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At times, Salty Sow is hog heaven

Contrary to its name, restaurant excels with non-porcine dishes

Matthew Odam
modam@statesman.com

Business partners Larry Foles and Guy Villavaso have created one of the great track records in the Austin restaurant world over the past few decades. They have opened and expanded incredibly popular restaurants that have proven remarkably enduring thanks to solid conceptualization and consistent execution.      

A ritzy seafood-centric steakhouse in landlocked Central Texas (Eddie V's, which they recently sold for millions), a Tex-Mex treehouse that nods to the South and has expanded to a dozen locations (Z'Tejas), and most recently, a gourmet hamburger joint that helped set the bar for imaginative burgers made from scratch with quality ingredients (Hopdoddy, now in South and North Austin).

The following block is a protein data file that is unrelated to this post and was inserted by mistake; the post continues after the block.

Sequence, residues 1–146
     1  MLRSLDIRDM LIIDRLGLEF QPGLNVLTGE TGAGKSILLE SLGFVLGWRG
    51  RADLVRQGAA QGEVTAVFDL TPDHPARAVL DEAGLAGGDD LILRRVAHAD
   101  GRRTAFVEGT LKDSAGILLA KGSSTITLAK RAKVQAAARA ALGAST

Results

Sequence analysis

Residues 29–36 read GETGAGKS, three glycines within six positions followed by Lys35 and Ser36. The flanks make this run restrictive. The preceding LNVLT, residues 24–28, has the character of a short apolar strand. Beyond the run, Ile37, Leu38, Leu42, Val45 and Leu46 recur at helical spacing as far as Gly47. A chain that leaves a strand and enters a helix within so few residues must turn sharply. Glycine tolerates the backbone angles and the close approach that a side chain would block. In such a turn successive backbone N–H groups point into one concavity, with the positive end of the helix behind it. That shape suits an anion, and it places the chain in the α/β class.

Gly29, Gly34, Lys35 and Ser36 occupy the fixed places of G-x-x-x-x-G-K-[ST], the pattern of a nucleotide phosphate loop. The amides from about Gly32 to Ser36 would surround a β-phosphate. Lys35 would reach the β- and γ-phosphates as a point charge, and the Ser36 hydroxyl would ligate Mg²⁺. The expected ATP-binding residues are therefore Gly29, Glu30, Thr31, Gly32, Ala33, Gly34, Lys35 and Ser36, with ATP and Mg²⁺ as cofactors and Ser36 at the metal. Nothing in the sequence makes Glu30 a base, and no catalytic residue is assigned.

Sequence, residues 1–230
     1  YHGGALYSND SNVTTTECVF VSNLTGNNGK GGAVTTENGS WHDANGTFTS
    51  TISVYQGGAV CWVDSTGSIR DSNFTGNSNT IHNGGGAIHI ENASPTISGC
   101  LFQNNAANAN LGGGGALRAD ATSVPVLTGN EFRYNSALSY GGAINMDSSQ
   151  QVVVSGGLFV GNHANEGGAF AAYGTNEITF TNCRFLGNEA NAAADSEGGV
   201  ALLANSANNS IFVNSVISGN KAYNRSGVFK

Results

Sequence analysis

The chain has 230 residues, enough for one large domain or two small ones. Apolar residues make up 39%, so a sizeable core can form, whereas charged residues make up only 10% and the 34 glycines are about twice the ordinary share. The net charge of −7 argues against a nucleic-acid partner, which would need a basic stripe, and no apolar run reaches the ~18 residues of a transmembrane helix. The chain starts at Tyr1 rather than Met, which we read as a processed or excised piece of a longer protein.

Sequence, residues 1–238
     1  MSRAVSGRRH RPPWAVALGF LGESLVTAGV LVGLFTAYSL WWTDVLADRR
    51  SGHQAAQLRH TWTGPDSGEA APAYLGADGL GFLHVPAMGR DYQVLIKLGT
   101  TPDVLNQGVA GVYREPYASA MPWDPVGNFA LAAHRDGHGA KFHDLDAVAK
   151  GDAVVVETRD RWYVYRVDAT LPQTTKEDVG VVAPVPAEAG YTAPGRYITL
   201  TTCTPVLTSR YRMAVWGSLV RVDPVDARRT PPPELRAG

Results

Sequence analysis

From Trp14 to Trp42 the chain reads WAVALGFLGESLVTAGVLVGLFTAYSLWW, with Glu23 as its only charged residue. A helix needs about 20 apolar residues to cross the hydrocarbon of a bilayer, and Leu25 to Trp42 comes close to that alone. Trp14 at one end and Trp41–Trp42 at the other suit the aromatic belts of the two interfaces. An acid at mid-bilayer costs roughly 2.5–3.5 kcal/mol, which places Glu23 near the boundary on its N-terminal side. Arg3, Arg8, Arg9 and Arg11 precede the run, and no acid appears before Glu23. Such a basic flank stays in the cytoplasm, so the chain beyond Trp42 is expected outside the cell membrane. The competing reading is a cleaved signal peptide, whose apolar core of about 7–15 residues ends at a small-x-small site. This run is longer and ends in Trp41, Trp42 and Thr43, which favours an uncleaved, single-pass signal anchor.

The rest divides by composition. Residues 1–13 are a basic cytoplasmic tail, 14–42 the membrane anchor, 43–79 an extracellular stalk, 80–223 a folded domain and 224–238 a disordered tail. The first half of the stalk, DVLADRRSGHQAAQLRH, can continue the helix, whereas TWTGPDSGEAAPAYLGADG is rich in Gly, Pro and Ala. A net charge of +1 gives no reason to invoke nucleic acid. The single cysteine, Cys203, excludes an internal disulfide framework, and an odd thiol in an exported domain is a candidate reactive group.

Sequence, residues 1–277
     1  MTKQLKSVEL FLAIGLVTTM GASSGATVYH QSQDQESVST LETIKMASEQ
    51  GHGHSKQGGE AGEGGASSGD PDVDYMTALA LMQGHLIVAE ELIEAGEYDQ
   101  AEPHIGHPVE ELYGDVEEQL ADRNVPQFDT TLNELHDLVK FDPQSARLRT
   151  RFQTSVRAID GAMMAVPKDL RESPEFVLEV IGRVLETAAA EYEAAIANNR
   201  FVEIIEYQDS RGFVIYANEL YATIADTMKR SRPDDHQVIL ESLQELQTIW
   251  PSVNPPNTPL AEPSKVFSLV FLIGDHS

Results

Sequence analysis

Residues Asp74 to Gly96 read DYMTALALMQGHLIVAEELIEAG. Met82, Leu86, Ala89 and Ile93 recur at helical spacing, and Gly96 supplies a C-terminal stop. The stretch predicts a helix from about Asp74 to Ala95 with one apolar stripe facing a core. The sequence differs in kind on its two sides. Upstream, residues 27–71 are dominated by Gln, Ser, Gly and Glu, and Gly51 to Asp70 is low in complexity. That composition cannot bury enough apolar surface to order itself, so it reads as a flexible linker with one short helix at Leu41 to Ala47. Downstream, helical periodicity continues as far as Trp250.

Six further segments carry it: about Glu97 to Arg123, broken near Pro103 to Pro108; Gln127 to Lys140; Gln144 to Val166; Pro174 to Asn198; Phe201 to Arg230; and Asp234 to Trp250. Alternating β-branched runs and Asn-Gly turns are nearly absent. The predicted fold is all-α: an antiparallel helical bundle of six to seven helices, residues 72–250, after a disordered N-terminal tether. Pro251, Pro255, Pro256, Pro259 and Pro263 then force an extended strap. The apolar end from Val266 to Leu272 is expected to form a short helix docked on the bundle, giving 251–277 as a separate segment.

Their latest invention, Salty Sow, capitalizes on food culture's continuing fascination with humble (cheeks and pork blade) and hip (pork belly) cuts of meat that have ascended to the tops of menus at restaurants across the country.

Commanding the space formerly occupied by a number of restaurants, including the Red House Pizzeria, El Gringo and John Mueller Barbecue, the Salty Sow sprawls across two buildings, a sizable patio and large outdoor dining area.